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Fruits of Anacardiaceae from the Paleogene of the Paris Basin, France

Cite this dataset

Del Rio, Cédric (2022). Fruits of Anacardiaceae from the Paleogene of the Paris Basin, France [Dataset]. Dryad.


Premise of research. The Anacardiaceae family is distributed throughout the vegetated continents. The fossil record indicates extensive diversification of the family during the Paleogene and, in particular, during the Eocene. Despite the abundant fossil record of this period, there are only a few reliable anacardiaceous fossils in the Paris Basin. Here, we aim to document newly recognized fossils of Anacardiaceae from the Paris Basin, understand their paleoecology, and discuss their biogeographic history.

Methodology. Thirty-three lignite fruits were examined from two sites, one pre- and one post-the Paleocene-Eocene boundary, i.e., Petit Pâtis (Rivecourt) and Le Quesnoy (Houdancourt). The specimens were photographed and anatomy was studied using computed tomography and histological sections. Comparative analyses were undertaken using available descriptions of fossil and modern fruits of Anacardiaceae.

Pivotal results. A new species is described, Cyrtocarpa biapertura sp. nov., based on a unilocular endocarp with two prominent apertures present on the ventral side, protruding into two lacunae surrounding the locule. Taphonomic analysis indicates that this plant grew close to river banks. Furthermore, a new record of Lannea europaea (Reid and Chandler) Chandler is reported from for the Eocene site.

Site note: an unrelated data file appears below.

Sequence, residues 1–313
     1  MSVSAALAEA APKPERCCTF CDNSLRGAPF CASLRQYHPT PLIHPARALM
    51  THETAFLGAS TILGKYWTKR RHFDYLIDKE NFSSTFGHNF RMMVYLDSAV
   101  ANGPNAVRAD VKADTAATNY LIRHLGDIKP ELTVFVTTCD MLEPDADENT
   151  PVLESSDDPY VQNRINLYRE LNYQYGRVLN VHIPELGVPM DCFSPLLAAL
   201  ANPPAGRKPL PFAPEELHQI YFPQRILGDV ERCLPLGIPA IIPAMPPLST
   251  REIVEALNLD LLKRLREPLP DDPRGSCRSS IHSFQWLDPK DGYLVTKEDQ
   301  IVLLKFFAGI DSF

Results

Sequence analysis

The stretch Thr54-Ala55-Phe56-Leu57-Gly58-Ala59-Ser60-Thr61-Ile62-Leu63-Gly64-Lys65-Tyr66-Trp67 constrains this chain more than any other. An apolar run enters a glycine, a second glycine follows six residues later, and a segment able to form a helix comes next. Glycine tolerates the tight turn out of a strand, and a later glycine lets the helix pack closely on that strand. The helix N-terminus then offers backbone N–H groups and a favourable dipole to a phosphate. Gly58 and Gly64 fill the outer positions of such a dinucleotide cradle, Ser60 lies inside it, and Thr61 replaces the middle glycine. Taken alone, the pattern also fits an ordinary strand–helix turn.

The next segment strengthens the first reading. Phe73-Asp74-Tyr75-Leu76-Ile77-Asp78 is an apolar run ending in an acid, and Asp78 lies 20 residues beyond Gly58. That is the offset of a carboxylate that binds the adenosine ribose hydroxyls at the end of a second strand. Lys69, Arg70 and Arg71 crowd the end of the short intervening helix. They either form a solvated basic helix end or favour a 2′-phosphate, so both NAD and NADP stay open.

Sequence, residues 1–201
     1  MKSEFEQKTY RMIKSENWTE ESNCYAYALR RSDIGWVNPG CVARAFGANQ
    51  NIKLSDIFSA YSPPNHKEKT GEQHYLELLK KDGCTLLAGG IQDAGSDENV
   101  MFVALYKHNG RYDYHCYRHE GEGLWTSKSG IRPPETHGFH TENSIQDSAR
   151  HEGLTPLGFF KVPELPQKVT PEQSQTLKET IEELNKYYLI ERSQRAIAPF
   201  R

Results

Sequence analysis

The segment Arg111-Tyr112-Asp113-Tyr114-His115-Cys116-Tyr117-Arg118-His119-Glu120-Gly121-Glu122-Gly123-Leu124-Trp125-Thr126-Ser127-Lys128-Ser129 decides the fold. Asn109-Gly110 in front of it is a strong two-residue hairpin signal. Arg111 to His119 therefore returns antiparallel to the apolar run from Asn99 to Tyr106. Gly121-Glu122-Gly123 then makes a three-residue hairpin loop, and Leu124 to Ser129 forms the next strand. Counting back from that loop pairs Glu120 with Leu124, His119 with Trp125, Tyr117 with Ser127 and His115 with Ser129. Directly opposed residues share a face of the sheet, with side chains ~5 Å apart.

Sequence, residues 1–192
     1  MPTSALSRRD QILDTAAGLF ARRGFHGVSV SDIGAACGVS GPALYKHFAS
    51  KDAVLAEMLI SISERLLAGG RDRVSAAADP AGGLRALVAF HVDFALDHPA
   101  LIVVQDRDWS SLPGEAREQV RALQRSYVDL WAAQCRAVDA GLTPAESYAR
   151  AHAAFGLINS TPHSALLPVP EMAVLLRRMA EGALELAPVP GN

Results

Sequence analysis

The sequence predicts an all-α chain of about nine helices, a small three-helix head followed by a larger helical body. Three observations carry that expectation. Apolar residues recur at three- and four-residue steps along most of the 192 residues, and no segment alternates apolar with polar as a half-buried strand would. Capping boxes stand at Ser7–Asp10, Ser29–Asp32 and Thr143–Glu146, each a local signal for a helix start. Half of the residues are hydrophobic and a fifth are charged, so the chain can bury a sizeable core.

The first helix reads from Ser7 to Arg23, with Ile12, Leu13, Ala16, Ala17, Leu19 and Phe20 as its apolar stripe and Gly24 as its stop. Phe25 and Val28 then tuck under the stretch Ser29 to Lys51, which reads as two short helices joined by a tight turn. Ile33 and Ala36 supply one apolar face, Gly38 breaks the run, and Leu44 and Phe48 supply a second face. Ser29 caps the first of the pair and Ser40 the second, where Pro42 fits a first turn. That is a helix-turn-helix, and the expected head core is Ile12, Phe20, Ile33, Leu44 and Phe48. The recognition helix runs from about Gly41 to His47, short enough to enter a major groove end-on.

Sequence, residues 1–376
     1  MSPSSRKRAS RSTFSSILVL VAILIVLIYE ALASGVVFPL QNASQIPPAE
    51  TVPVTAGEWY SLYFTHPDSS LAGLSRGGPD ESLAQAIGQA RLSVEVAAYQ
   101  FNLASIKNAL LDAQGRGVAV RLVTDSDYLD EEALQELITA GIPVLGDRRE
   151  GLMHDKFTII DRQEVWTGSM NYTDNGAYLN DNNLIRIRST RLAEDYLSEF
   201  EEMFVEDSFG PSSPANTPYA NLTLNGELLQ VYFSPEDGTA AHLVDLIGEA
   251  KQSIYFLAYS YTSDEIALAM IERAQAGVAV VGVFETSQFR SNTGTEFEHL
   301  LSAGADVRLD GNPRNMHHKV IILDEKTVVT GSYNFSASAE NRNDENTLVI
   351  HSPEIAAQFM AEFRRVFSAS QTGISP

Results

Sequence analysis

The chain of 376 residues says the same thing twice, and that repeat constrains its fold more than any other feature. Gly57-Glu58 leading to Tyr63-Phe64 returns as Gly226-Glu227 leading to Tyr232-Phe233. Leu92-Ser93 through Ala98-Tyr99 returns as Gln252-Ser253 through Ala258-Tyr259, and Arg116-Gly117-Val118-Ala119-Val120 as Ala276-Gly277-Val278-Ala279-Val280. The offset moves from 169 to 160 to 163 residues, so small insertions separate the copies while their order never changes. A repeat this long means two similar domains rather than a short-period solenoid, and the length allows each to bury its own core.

Conclusions. The occurrence of Cyrtocarpa in both the Paleocene and Eocene floras in the Paris Basin suggests similar vegetation during both time intervals. It is likely that both floras grew under similar subtropical climates. Moreover, it appears that the early Eocene shows an enrichment of the paleodiversity of Anacardiaceae and other plant families in the Paris Basin. The presence of Cyrtocarpa documents a rarely reported disjunction between the Paleogene of Europe and the recent tropical flora of South America.


CT-scan via the AST-RX platform of the Museum national d’Histoire naturelle (Paris, France, MNHN) was used for the Rivecourt specimen Riv-PPB 17 to reconstruct a 3D model, and gain access to the internal organization, the reconstruction was made using the software Mimics Innovation Suite.